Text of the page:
The Housing Chronicles Blog: Forecast for 2011

Friday, December 10, 2010

Forecast for 2011

Although the National Bureau of Economic Research officially declared the ‘Great Recession’ over in June of 2009, over 18 months later the building industry continues to wait for that proverbial light at the end of the tunnel. Sure, there were some rumblings of activity in the land market in early 2010 as it seemed that a rebound was imminent, but that turned out to be related more to homebuyers taking advantage of tax credits than sound economic fundamentals. So what can we expect in 2011?

For the general economy, the recovery will remain painfully slow, but our colleagues at Beacon Economics are not predicting a double-dip recession because the imbalances we saw during the boom years have been largely wrung out of the system. Nonetheless, as the fiscal stimulus programs of the past two years begin to abate, expect to see more layoffs in the public sector at the state and local levels, as well as officials finally forced to address untenable pension promises. In addition, as the Federal Reserve and Congress begin to reverse historically low interest rates and huge budget deficits, consumer spending – which accounts for more than two-thirds of the country’s GDP – will grow at a reduced pace.

With up to 65% of the earnings for the companies listed on the S&P 500 coming from overseas, domestic job growth will also remain lackluster, so it will take time to replace the 7 million jobs lost in this downturn. Although the U.S. retains the world’s largest manufacturing sector by value, capital investments and increasing productivity will replace many of those jobs, requiring retraining for millions of workers. Yet the good news for construction workers is that although it will take several more years for their jobs to come back, it’s not easy to outsource the building of new communities overseas or replace workers with automated equipment. A year from now, Beacon Economics is forecasting the national unemployment rate to remain elevated at 8.8% and not approach the 8.0% level until the middle of 2013 – well above the levels seen in the boom years, but still representing a slow and gradual decline.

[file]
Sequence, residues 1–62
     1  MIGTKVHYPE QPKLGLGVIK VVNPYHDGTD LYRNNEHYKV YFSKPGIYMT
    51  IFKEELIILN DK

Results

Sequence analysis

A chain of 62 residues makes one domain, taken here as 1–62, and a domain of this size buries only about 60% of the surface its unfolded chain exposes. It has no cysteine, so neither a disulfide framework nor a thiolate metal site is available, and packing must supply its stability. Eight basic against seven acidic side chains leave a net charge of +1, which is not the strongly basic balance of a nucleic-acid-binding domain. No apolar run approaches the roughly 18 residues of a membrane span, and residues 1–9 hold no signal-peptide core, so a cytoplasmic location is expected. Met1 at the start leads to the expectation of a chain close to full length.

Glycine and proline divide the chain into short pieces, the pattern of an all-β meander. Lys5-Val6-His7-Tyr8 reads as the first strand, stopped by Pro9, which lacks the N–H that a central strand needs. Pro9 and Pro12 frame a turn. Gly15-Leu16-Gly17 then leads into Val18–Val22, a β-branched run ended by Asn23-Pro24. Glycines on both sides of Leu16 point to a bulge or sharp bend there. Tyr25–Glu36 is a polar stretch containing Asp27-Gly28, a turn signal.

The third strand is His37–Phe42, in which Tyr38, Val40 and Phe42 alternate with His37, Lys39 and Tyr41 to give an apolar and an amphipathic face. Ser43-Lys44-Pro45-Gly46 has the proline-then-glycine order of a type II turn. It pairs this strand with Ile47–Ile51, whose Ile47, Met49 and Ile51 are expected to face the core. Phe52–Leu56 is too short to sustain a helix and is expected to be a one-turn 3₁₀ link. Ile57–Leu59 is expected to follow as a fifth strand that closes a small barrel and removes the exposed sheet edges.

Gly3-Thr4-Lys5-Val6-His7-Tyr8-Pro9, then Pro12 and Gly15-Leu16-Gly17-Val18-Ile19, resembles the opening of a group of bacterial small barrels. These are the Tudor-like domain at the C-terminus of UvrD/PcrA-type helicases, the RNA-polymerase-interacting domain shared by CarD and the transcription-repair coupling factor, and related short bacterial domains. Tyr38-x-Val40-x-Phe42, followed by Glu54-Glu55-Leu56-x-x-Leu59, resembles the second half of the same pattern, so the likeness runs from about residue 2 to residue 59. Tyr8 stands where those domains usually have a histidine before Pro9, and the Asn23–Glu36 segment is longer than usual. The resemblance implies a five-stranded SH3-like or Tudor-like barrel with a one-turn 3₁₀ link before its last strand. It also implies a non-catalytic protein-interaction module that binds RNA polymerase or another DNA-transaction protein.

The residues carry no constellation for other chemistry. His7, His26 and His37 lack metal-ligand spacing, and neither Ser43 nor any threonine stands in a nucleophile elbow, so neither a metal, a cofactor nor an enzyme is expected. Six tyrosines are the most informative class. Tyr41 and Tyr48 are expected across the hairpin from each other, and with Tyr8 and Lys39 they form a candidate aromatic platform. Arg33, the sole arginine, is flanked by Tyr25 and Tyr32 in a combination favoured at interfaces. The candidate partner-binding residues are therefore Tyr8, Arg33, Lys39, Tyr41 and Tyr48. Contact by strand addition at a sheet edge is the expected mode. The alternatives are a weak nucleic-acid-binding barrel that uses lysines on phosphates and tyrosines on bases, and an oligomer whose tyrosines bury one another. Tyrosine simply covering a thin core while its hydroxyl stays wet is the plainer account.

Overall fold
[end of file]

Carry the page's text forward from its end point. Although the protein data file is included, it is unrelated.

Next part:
For the real estate market, improvement will vary widely depending on the sector. The first sector to rebound will likely be apartments, led by former homeowners looking to rent as well as the rise of the Echo Boomer population. As the economy improves, people forced to live with each other due to financial issues – such as boomerang children living at home, roommates who have nothing in common, and even former couples who simply share space – will opt for their own households as soon as they can.

Naturally, the rebound for new housing will depend largely on the state of the foreclosure market, which is expected to remain elevated through 2012 even though the rate is flattening out in some hard-hit areas such as Los Angeles. Not surprisingly, discounted foreclosures will continue to pull down median sales prices, but an important caveat here to remember is that many foreclosures offer low-quality housing with missing appliances, damaged interiors and neglected yards. Once those foreclosed homes are eventually flushed through the pipeline, prices could stage a moderate rebound based both on better-quality comps and an improving economy.

Finally, with just about 200,000 unsold units – the lowest since 1968 -- builders have kept a tight lid on inventory, which should help bolster the industry when the rebound occurs. For 2011, the NAHB is forecasting 655,000 single-family starts that should climb nicely to 970,000 starts by 2012. For the multi-family sector, an unforeseen rebound in mid-2009 helped bump up the forecast to 125,000 units by 2011 and 210,000 units by 2012.

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